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How can I be sure if a file was processed before? There is a remote storage location which is a file source for my application. My program gets files from this location and processes them in a scheduled way. How can I be sure that the next time I fetch only non-processed files? I'm thinking about using file attributes. The archive and modified date can be a solution. But I learned that two bits of file attributes are not used. How can I use these fields in Java? By the way I don't want to use a database.

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What do you mean "two bits of file atributes not used"? What attributes do you want to use? –  Matthew Flaschen Mar 26 '11 at 21:44
What is the operating system on the remote side? How do you access the files (network share, ftp, ...) ? –  pajton Mar 26 '11 at 21:53
What filesystem? Windows:NTFS/VFat, Linux: (zillions), ...? –  user unknown Mar 26 '11 at 21:56
Can you be sure, that you don't have to process a file multiple times? That a filename will not be repeated? Is it mainly a performance issue, or is it a serious problem to process a file 2 times? You can keep the names in memory. Do you alter the files, or just read them? You can store some informations in a file/ a database, to allow to restart your program. –  user unknown Mar 26 '11 at 22:00

2 Answers 2

A common strategy is to use some form of hash function to create a checksum. Record the checksum of the file, and compare the list of processed files identified by checksum against the file in question. If the checksum of the file in question is in the list, you have already processed it.

Protect your list of processed file checksums. If you lose it, or it becomes corrupted, it might be a long, bad day.

To prevent unnecessary network traffic, you might consider preparing 'check' files on the remote repository that contain a checksum that corresponds to a potential input file.


Upon further comment, it is potentially possible to directly interact with file system attributes. The proposed Java 1.7 spec introduces file-system specific attribute views to directly interact with these attributes. The view you would be interested in is 'DosFileAttributeView'.

Basic use might be something similar to this ('input' is a file based on a java 'Path'; add necessary exception handling):

// import as necessary from java.nio.file and java.io

DosFileAttributeView view = input.getFileAttributeView(DosFileAttributeView.class);

//Check if the system supports this view 
if (view != null) 
    DosFileAttributes attributes = view.readAttributes();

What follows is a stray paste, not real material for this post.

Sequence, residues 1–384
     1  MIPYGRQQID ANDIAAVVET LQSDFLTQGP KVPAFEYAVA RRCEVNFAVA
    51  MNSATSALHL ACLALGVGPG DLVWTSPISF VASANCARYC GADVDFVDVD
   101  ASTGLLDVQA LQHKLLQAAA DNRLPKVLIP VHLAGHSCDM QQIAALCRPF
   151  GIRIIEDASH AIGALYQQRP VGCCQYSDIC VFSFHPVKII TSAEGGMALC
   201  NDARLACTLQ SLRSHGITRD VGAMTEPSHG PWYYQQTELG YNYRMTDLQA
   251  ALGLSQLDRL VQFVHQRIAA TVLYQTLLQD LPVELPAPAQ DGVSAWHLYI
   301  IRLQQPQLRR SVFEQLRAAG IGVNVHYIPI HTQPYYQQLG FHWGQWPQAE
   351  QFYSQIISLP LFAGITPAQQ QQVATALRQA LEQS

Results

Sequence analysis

// skip any file already marked as an archive
    if (!attributes.isArchive()) 
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He said he doesn't want to use database. –  pajton Mar 26 '11 at 21:57
I certainly did not intend to suggest one either. What part of my answer do you think implied that? –  JustinC Mar 26 '11 at 22:06
Hm, storing the checksums of files. From the OP's suggestion of using file attributes I assume he wants to be able to tell if the file has been already processed by just looking at the file, without additional data. –  pajton Mar 26 '11 at 22:13
OP will have to have something to compare it to, and unless the program will exist in memory indefinately, that comparison value will have to be saved or persisted in some way, whether in a database proper, a loosely structured text file, or some binary serialization. –  JustinC Mar 26 '11 at 22:17
Let me explain my problem completly,I try to index and archive all files in a directory.Files in this directory can be produced by a program dynamicly and a continuious way or user can put files to this directory manually.Remote machine can be any operating system using NTFS .And i learn that evey file has a associated byte which is used for file attributes and currently only six of them in used. –  ayengin Mar 27 '11 at 21:14

Can you rename the file (e.g. "filename.archive")? or into an "archive" subdirectory?

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+1 Also a good, simple proposal. –  JustinC Mar 26 '11 at 23:05
This files log files will be used when needed so i cant rename them.And can change their extensions –  ayengin Mar 27 '11 at 21:23
Main problem is that am a trying to not effect any other application which also use same files for different purpose. –  ayengin Mar 27 '11 at 21:25

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